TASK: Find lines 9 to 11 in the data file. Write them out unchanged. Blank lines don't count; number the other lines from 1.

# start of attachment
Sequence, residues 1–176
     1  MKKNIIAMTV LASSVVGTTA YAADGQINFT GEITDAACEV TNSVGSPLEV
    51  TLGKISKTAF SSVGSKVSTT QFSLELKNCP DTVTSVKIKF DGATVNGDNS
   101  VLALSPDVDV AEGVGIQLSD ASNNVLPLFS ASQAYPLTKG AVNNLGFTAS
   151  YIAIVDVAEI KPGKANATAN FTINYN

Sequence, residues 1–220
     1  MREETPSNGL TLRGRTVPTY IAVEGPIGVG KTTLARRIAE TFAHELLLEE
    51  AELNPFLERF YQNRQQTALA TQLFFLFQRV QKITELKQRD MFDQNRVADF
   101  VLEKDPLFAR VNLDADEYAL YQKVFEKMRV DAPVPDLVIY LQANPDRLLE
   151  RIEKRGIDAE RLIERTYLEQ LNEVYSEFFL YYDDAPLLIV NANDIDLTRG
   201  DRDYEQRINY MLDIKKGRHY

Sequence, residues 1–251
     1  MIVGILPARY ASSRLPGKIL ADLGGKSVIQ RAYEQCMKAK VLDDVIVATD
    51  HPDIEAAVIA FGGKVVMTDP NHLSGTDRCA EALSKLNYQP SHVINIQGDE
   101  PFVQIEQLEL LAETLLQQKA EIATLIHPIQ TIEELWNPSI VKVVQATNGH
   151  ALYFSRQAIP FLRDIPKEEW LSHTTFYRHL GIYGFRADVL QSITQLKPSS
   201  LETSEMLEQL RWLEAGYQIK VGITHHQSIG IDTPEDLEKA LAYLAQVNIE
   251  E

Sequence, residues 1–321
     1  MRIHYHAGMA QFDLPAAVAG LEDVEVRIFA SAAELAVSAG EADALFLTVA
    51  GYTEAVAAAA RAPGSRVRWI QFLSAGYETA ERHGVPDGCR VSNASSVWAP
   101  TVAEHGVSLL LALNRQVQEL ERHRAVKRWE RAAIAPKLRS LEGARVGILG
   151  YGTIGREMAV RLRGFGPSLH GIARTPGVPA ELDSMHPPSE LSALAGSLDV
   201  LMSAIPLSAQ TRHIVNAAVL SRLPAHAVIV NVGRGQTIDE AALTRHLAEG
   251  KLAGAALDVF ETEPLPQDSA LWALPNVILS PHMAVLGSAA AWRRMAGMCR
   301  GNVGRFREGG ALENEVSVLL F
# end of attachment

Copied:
   101  VLEKDPLFAR VNLDADEYAL YQKVFEKMRV DAPVPDLVIY LQANPDRLLE
   151  RIEKRGIDAE RLIERTYLEQ LNEVYSEFFL YYDDAPLLIV NANDIDLTRG
   201  DRDYEQRINY MLDIKKGRHY